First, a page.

The decision

AD (Recent developments – Terrorist threat - Ex-Policeman) Algeria CG [2004] UKIAT 00137

Heard at Field House
On 3 June 2004
Written 3 June 2004


Date Determination Notified

10 June 2004


Mr S L Batiste (Vice-President)
Mrs R M Bray
Mr T A Jones



For the Appellant: Mr C Jacobs, instructed by Messrs White Ryland
For the Respondent: Mr A Sheikh, Presenting Officer


1. The Appellant, a citizen of Algeria, appeals, with permission, against the determination of an Adjudicator, Miss A M Cheales, dismissing his appeal against the decision of the Respondent on 29 April 2003 to issue removal directions and refuse asylum.

2. The Appellant’s claim can be summarised as follows. He lived in Algiers and joined the police in 1998. He was first appointed to an administrative section, but in July 1999 was promoted to a mobile brigade. His work involved the protection of civilian property and the maintenance of safety in an area. Sometimes he transported prisoners to the police station and prepared their statements and took them to court. In July 2000 he was moved to Dergana, a suburb of Algiers. His work was still with the mobile brigade and he remained there until February 2001. However this area was infested by terrorists and on occasions he and the rest of his troop were involved in clashes with them. He received emergency calls from civilians and informers about the terrorists. He found the situation very risky and his life was often in danger. He never knew from day-to-day whether he would return home in the evening. In February 2001 he was transferred to Hussein-Dey and worked at the police station in an administrative role. He attended to those who were arrested, opening files and taking statements. He took those charged with criminal offences to court. He worked there for six months and was then transferred to the anti-terrorist section. There he dealt with terrorists who had been granted amnesty in 1999 and kept an eye on them. He worked with the gendarmerie and the military secret police. The military secret police arrested some of the Appellant's colleagues for assisting these terrorists. The Appellant himself was under a lot of pressure in this work environment. He and his colleagues were forced into compromising situations and were often insulted. He became disillusioned with the system and his superiors. He considered that his efforts were not appreciated. He was under too much pressure to work too hard.

3. He had always been on the terrorists’ hit list as a policeman but in both October 2001 and February 2002 he received a threatening letter at his home from the GIA. They said he was a tyrant and was harassing ordinary civilians for which the punishment was death. In October 2001 he wanted to get away on the pretext of having a holiday. However his superiors refused leave at that time and he had to wait. After the second letter he decided to leave Algeria and applied for a visa to visit France in February 2002, which was granted in April 2002. The letter in February 2002 from the GIA was from someone known personally by the Appellant as an informer, a Mr Badry. He reported this to his superior and gave him the letter. He was not told to do anything but should remain in barracks until things cooled down. He was informed that the military secret service would be contacted. He remained in barracks where he was safe, but nothing was done.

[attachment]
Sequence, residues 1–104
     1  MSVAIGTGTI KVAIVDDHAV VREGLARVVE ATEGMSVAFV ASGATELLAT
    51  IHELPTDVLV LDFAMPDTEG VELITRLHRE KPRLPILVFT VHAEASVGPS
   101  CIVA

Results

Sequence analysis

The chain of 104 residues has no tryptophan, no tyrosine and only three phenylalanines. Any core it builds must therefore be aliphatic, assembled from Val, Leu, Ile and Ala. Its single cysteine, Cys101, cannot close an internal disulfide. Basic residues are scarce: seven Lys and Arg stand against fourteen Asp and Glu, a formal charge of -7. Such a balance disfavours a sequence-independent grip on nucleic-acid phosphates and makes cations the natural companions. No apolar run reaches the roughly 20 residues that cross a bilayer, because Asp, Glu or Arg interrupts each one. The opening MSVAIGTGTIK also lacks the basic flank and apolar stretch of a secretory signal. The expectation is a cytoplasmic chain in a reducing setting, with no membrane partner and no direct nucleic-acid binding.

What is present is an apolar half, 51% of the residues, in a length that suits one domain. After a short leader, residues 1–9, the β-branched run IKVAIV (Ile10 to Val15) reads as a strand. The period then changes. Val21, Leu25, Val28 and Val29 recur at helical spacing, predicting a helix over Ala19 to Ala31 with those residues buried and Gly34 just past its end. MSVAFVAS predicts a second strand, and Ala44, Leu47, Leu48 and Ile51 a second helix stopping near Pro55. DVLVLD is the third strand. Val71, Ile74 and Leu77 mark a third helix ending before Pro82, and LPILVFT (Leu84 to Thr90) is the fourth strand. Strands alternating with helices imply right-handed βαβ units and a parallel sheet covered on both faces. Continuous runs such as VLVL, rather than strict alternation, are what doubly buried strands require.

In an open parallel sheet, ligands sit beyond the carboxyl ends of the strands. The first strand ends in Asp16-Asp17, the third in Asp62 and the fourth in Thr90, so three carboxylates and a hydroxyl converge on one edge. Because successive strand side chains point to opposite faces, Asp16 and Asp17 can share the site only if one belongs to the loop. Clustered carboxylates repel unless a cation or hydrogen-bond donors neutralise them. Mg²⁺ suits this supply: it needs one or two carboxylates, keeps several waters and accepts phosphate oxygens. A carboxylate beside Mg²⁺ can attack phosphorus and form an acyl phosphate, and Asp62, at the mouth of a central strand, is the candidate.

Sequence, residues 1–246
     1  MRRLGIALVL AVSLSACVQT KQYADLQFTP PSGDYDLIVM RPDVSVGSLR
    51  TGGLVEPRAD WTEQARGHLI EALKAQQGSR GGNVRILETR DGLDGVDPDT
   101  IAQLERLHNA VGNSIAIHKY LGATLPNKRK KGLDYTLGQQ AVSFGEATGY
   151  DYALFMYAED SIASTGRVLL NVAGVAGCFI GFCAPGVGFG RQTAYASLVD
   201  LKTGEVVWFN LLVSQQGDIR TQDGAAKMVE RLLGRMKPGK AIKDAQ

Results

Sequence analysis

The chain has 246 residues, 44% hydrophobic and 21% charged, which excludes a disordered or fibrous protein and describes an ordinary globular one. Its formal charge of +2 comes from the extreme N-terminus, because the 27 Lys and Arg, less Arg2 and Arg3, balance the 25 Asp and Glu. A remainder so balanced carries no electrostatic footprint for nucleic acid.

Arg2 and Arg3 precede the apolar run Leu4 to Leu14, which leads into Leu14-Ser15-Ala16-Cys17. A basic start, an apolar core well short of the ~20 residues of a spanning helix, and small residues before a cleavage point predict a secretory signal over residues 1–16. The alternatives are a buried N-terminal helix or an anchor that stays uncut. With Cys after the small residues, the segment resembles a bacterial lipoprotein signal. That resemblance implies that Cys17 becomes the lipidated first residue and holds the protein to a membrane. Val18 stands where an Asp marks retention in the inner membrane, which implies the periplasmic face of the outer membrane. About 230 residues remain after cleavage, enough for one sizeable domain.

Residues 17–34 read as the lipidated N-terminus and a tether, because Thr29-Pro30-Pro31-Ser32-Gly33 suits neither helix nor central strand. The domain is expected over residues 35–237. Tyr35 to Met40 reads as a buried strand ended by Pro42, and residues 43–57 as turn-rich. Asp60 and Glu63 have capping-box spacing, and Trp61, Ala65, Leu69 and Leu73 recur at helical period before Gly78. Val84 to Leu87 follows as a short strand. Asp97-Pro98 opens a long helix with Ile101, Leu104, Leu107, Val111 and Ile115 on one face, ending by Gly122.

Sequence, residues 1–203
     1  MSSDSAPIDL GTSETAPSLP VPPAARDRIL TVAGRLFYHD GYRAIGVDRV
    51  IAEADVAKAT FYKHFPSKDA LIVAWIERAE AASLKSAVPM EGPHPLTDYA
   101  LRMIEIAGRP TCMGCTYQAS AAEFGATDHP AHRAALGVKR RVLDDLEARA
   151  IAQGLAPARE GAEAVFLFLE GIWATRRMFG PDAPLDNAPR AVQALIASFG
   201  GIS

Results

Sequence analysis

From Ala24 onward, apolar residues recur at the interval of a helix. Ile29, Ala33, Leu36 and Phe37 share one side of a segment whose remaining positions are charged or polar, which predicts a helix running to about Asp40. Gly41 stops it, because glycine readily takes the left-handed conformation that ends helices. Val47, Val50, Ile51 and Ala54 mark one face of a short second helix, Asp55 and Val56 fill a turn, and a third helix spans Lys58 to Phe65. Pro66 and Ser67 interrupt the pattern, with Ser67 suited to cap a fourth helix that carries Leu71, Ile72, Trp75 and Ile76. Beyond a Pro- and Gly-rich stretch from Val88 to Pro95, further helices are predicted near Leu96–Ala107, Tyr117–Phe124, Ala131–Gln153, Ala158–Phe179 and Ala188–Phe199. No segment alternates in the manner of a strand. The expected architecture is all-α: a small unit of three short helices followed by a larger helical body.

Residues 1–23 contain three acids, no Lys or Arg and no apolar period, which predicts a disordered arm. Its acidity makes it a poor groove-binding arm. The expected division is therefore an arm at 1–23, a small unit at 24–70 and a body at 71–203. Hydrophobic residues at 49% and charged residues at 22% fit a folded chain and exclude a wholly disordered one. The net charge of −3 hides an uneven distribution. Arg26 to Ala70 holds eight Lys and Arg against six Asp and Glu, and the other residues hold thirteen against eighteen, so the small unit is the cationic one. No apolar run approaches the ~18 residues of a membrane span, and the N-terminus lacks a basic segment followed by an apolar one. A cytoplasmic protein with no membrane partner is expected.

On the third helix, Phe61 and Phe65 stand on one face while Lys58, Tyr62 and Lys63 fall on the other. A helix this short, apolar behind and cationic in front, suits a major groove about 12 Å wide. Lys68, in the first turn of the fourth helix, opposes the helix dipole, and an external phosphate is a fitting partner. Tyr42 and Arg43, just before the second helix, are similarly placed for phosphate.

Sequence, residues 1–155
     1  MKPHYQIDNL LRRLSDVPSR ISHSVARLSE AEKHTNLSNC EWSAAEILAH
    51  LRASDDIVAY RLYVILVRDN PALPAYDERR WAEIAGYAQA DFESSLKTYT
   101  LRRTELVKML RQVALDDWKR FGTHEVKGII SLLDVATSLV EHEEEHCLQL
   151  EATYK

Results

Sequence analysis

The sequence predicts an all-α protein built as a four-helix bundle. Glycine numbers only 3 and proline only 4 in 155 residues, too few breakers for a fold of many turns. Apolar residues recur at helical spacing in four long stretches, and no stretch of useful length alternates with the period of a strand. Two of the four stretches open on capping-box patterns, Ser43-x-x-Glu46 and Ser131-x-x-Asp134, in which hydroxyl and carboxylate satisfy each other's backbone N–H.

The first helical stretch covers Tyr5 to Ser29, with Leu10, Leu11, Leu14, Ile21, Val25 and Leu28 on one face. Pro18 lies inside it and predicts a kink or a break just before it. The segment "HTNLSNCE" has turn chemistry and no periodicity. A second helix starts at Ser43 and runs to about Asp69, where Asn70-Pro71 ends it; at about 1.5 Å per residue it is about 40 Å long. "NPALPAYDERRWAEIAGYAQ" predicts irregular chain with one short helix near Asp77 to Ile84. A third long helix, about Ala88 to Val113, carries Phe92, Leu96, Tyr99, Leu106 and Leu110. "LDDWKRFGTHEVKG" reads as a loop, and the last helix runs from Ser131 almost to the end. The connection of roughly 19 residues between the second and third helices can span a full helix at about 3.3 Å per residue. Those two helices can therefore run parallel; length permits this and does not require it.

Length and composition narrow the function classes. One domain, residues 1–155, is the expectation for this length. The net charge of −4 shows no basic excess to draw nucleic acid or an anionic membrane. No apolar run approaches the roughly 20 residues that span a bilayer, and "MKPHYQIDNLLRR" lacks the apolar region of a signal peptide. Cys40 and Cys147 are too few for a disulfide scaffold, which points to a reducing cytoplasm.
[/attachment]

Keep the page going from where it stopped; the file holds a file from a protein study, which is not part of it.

4. We break off the narrative at this point because there was some dispute between the representatives as to what was meant by “nothing was done”. The Adjudicator did not reach any specific finding about this expression. The words appear in the determination only in the description of the claim as recorded in paragraph 11. In paragraph 37 the Adjudicator’s finding of fact was that "he was told to stay in the barracks and to wait for some time for the matter to die down.” The Appellant could legitimately give evidence that he was not aware of anything else being done. He was not interviewed by the military secret service for example. He was not aware of any action taken against Mr Badry. We cannot speculate beyond the findings in the determination. The Adjudicator accepted the credibility of what the Appellant said to her. He could only speak to what was in his direct or indirect knowledge – that he was not aware that anything was done. That does not mean either that in reality nothing was done as Mr Jacobs has urged upon us, or that we can speculate about the kind of action that might have been taken behind the scenes by the secret police dealing with their informant, as Mr Sheikh has urged upon us. The Appellant's claim is that he was told to remain in barracks where he would be safe for the time being and was informed that the secret police would be informed of the letter from Mr Badry. That is the extent of the claim and the finding of fact.

5. We returned to a narrative of the claim. At this time there were elections and clashes with the Berbers, so leave was again refused. On 26 June 2002 a member of the terrorist group approached the Appellant's home and frightened his mother. She became ill as a result. The Appellant decided he could no longer remain in Algeria. He was depressed and could not function. He realised he was unfit for work. He was asked to remain in the barracks and take time off. He finally left Algeria on 2 August 2002 and went to France. He did not stay there long because he heard rumours that Algerians without status who had applied for asylum were being removed back to Algeria.
6. The Adjudicator concluded the Appellant was credible. He was a serving policeman who had worked with the anti-terrorist section and his name was on a terrorist hit list, which included all the police officers in his home area. He and other policemen had also received threatening letters. Some had left the country. One had relocated. Another was killed whilst he was off duty, though we have not been told when or in what circumstances. However the Adjudicator dismissed the appeal on the basis that there was a sufficiency of protection available to the Appellant on return to Algeria.